Ocular contrapulsion in multiple sclerosis: Clinical features and pathophysiological mechanisms

Elliot Frohman, T. C. Frohman, J. Fleckenstein, M. K. Racke, K. Hawker, P. D. Kramer

Research output: Contribution to journalArticlepeer-review

20 Scopus citations

Abstract

The objective was to describe in multiple sclerosis, a cerebellar eye movement syndrome that resulted from an acute episode of inflammatory demyelination. Contrapulsion is an ocular motor disturbance characterised by a triad of (1) hypermettic saccadic eye movements in a direction opposite from a precisely localised lesion within a specific white matter pathway, the uncinate fasciculus, at the level of the superior cerebellar peduncle (SCP); (2) hypometric saccades towards the side of the lesion; (3) oblique saccades directed away from the side of the lesion on attempted vertical saccades. Infrared oculography was used to demonstrate the characteristic features of contrapulsion in two patients with multiple sclerosis. Brain MRI showed lesions within the region of the uncinate fasciculus and superior cerebellar peduncle in both patients. Eye movement recordings showed saccadic hypermetria away from the side of the lesion and saccadic hypometria towards the side of the lesion. The hypometria decomposed into a series of stepwise movements as the eye approached the target. Oblique saccades directed away from the side of the lesion were seen on attempted vertical saccades. In conclusion, ocular contrapulsion can be seen in patients with multiple sclerosis and results from a lesion in the region of the SCP, involving the uncinate fasciculus.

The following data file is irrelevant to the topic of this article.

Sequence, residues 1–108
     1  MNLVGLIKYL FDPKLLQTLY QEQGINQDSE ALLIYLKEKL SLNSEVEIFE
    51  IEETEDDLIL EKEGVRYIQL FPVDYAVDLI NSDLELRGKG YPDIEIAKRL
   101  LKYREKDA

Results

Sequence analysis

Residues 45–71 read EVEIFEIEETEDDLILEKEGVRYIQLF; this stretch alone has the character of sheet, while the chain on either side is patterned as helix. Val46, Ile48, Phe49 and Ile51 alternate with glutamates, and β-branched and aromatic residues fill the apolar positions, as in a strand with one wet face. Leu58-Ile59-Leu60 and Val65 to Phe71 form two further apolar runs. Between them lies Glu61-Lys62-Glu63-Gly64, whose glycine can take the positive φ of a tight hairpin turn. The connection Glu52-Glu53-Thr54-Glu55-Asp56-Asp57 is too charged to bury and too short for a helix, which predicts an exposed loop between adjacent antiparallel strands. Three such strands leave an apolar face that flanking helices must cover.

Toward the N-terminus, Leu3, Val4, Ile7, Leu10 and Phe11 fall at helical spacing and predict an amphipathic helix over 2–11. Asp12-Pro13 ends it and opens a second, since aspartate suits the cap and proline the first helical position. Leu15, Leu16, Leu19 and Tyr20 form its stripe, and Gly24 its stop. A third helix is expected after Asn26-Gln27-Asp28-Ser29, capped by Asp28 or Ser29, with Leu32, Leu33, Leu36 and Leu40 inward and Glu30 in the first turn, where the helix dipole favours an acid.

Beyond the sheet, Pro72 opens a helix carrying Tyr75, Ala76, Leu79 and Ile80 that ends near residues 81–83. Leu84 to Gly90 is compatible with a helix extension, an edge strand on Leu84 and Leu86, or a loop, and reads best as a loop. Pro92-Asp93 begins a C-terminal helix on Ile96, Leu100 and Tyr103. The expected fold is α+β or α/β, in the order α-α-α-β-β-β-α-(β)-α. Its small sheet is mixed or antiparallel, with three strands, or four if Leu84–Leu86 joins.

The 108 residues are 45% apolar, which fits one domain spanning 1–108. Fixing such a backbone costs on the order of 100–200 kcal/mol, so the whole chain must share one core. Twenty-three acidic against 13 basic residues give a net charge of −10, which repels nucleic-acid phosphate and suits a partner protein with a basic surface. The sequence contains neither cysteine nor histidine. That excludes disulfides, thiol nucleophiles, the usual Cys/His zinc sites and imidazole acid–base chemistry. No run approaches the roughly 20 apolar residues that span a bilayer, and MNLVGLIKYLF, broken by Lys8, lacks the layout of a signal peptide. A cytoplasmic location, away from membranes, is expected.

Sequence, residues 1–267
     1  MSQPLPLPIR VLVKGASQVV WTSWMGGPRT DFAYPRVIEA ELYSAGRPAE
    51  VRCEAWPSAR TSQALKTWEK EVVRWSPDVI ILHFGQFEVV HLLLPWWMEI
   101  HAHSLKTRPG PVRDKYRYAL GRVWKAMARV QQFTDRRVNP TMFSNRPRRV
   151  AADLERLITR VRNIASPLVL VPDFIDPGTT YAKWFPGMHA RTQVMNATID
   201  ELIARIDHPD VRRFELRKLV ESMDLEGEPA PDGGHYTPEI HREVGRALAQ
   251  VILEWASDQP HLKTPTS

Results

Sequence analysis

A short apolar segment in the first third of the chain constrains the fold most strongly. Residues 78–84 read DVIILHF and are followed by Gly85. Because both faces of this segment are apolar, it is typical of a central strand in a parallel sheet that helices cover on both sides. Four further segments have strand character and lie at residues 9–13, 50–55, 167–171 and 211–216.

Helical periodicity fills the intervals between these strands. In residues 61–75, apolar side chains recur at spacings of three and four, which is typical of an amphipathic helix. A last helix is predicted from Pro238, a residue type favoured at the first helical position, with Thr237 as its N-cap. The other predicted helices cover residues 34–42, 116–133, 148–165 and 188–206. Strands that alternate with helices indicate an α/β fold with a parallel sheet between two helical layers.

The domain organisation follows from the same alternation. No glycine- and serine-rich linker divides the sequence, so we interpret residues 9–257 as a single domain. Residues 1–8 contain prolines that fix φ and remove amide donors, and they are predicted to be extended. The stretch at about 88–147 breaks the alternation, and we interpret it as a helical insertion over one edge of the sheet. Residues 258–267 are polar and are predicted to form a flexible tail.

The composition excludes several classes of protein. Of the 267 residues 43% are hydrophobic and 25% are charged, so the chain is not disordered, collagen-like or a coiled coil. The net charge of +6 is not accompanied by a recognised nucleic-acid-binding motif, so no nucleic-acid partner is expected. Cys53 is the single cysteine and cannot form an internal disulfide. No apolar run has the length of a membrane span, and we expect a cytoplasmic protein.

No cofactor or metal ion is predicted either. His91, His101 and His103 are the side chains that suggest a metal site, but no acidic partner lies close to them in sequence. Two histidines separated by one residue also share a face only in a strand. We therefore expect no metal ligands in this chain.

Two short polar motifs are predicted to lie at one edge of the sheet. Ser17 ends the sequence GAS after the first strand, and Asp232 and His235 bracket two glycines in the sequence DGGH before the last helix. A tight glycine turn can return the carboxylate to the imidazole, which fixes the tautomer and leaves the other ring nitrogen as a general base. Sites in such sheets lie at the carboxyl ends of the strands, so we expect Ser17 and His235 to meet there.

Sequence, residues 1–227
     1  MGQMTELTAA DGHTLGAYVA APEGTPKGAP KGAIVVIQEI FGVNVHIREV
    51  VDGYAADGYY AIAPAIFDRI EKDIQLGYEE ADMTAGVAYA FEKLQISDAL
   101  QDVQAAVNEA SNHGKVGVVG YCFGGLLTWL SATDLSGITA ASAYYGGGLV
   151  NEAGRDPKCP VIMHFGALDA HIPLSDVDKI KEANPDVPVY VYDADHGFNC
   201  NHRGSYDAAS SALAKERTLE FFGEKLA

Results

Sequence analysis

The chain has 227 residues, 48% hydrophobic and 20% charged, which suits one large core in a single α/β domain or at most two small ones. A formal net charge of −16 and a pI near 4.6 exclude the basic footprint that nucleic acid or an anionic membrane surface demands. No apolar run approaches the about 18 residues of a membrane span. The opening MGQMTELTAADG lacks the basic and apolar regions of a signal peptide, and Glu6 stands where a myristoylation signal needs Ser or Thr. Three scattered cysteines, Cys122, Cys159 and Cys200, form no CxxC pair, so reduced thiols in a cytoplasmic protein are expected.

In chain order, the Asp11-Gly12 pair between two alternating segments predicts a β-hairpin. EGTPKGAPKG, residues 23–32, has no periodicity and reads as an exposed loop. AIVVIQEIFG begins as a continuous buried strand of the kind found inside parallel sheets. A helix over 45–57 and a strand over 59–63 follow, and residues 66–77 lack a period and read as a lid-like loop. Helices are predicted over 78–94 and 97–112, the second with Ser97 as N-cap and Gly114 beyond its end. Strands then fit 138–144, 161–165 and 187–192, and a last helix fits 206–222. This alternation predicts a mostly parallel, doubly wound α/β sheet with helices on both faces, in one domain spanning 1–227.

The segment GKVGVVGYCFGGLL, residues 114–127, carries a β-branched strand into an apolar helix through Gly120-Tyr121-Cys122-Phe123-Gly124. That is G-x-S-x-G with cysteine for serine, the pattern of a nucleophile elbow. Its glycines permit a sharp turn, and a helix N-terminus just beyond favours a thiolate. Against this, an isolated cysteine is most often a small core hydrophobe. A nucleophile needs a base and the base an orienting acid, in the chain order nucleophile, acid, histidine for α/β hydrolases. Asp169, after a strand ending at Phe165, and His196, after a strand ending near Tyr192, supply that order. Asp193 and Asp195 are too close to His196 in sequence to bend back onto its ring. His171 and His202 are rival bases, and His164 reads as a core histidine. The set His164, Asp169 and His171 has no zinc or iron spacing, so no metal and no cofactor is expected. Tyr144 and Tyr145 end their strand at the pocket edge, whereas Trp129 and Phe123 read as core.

Original languageEnglish (US)
Pages (from-to)688-692
Number of pages5
JournalJournal of Neurology Neurosurgery and Psychiatry
Volume70
Issue number5
DOIs
StatePublished - May 2001

Keywords

  • Contrapulsion
  • Ipsipulsion
  • Superior cerebellar peduncle
  • Uncinate fasciculus

ASJC Scopus subject areas

  • Surgery
  • Clinical Neurology
  • Psychiatry and Mental health

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